All local fishery cooperatives in the prefecture have agreed to suspend sand lance fishing at the request of the prefectural government.

Tuesday, April 05, 2011 18:58 +0900 (JST)

The operator of the stricken Fukushima Daiichi nuclear power plant says 7.5 million times the legal limit of radioactive iodine 131 has been detected from samples of seawater near the plant.

Tokyo Electric Power Company, or TEPCO, found on Saturday that contaminated water was leaking from a cracked concrete pit near the No. 2 reactor.

Experts say this makes it clear that highly radioactive substances from the reactor are flowing into the sea, and that the leak must be stopped as soon as possible.

The utility firm said samples of water taken near the water intake of the No. 2 reactor at 11:50 AM Saturday contained 300,000 becquerels of iodine 131 per cubic centimeter, or 7.5 million times the legal limit.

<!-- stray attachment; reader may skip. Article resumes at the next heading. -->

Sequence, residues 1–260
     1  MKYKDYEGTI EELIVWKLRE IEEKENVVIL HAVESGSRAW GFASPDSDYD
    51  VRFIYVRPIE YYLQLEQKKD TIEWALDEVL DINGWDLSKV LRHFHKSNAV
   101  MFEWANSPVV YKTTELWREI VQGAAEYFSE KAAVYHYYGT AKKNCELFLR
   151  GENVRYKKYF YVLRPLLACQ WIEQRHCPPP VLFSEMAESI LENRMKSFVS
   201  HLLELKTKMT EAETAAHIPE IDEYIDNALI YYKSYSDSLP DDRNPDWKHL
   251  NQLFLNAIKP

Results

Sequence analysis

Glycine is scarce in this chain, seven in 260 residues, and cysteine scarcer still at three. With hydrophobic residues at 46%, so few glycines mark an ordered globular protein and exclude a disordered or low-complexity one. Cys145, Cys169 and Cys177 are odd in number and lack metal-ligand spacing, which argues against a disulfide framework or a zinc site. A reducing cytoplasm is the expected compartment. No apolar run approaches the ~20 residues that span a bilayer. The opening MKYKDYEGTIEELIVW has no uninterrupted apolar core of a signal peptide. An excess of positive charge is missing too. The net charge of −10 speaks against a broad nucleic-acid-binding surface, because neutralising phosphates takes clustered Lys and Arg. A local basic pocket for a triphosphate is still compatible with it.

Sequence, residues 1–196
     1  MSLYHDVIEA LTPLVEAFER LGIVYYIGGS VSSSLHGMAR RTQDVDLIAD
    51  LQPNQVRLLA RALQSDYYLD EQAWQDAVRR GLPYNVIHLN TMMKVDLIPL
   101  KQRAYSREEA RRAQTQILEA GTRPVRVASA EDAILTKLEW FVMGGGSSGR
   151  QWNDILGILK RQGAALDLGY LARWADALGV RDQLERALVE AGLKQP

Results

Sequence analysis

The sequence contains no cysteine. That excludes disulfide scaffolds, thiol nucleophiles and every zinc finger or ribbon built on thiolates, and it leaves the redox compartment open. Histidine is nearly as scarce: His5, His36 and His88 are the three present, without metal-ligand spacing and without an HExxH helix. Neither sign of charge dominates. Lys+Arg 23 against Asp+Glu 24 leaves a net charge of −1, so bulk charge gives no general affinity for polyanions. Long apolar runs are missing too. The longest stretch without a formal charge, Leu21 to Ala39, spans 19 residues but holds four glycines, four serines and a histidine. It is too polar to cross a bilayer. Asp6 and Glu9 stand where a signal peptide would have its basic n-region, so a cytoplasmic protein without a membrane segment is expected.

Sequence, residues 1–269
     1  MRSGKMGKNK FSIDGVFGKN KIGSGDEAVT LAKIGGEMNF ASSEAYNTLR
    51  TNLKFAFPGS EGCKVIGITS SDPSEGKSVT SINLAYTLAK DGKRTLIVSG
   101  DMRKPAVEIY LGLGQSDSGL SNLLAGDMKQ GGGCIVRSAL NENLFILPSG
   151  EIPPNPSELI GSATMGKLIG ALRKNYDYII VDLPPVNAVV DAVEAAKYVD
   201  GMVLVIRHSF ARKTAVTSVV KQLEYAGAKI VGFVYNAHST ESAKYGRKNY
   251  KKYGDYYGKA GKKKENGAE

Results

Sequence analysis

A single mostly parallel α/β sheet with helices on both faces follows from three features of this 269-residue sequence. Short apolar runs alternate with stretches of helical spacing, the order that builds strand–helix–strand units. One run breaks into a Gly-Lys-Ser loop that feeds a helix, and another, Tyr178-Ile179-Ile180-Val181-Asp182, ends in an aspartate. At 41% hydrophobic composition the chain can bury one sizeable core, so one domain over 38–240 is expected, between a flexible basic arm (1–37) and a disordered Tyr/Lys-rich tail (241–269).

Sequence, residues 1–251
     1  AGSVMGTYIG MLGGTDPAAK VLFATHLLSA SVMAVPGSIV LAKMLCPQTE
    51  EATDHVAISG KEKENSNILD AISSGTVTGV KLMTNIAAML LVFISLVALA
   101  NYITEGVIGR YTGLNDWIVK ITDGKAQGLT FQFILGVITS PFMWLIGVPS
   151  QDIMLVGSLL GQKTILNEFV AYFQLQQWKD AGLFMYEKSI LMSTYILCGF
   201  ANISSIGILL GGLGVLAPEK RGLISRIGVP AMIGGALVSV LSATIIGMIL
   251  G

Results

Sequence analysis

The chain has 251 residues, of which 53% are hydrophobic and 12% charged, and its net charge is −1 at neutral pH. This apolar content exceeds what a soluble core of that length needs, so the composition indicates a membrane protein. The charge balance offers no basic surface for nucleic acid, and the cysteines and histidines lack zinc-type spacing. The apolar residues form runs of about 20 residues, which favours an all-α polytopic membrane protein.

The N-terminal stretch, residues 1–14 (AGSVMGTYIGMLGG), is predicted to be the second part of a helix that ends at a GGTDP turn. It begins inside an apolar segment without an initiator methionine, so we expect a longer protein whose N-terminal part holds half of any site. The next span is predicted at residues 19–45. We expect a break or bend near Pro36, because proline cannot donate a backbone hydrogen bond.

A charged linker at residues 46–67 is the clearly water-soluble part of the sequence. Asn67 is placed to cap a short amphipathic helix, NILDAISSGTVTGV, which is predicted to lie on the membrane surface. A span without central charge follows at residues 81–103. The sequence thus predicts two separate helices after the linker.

TEPCO said the figure had dropped to 200,000 becquerels per cubic centimeter, or 5 million times the legal limit, in samples taken at 9:00 AM Monday.

Monday's sample also contained 1.1 million times the legal limit of cesium 137, which has a half life of 30 years.

On March 27th, 13-million becquerels of iodine 131 per cubic centimeter of water were detected in the turbine building of the No. 2 reactor. On Wednesday, water was found accumulated in a tunnel near the turbine building and the radiation level on the surface was measured at more than 1,000 millisieverts per hour.

The Nuclear and Industrial Safety Agency says it believes the radioactive substances are from nuclear fuel which leaked from the reactor into the water and flowed out.